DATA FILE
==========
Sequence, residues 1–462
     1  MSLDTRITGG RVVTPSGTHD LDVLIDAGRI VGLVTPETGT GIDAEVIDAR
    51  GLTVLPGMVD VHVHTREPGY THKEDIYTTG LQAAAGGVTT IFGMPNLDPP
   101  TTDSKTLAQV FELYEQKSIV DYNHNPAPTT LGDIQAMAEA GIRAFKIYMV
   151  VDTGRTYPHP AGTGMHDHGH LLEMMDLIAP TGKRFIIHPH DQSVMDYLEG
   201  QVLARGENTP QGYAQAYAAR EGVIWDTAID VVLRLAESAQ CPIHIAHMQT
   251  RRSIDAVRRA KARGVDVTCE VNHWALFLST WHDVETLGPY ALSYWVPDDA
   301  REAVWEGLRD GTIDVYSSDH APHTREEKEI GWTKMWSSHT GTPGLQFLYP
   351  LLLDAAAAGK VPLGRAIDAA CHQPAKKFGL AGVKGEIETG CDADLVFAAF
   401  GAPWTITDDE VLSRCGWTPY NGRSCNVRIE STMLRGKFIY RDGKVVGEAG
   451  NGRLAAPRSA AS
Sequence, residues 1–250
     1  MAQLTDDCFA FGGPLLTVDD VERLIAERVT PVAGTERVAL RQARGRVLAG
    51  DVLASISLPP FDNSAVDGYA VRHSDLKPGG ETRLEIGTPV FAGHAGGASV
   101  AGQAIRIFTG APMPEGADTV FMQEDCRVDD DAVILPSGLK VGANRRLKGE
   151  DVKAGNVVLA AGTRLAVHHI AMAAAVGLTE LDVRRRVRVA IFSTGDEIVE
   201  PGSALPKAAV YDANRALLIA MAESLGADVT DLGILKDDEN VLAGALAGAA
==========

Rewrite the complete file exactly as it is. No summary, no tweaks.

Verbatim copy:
Sequence, residues 1–462
     1  MSLDTRITGG RVVTPSGTHD LDVLIDAGRI VGLVTPETGT GIDAEVIDAR
    51  GLTVLPGMVD VHVHTREPGY THKEDIYTTG LQAAAGGVTT IFGMPNLDPP
   101  TTDSKTLAQV FELYEQKSIV DYNHNPAPTT LGDIQAMAEA GIRAFKIYMV
   151  VDTGRTYPHP AGTGMHDHGH LLEMMDLIAP TGKRFIIHPH DQSVMDYLEG
   201  QVLARGENTP QGYAQAYAAR EGVIWDTAID VVLRLAESAQ CPIHIAHMQT
   251  RRSIDAVRRA KARGVDVTCE VNHWALFLST WHDVETLGPY ALSYWVPDDA
   301  REAVWEGLRD GTIDVYSSDH APHTREEKEI GWTKMWSSHT GTPGLQFLYP
   351  LLLDAAAAGK VPLGRAIDAA CHQPAKKFGL AGVKGEIETG CDADLVFAAF
   401  GAPWTITDDE VLSRCGWTPY NGRSCNVRIE STMLRGKFIY RDGKVVGEAG
   451  NGRLAAPRSA AS
Sequence, residues 1–250
     1  MAQLTDDCFA FGGPLLTVDD VERLIAERVT PVAGTERVAL RQARGRVLAG
    51  DVLASISLPP FDNSAVDGYA VRHSDLKPGG ETRLEIGTPV FAGHAGGASV
   101  AGQAIRIFTG APMPEGADTV FMQEDCRVDD DAVILPSGLK VGANRRLKGE
   151  DVKAGNVVLA AGTRLAVHHI AMAAAVGLTE LDVRRRVRVA IFSTGDEIVE
   201  PGSALPKAAV YDANRALLIA MAESLGADVT DLGILKDDEN VLAGALAGAA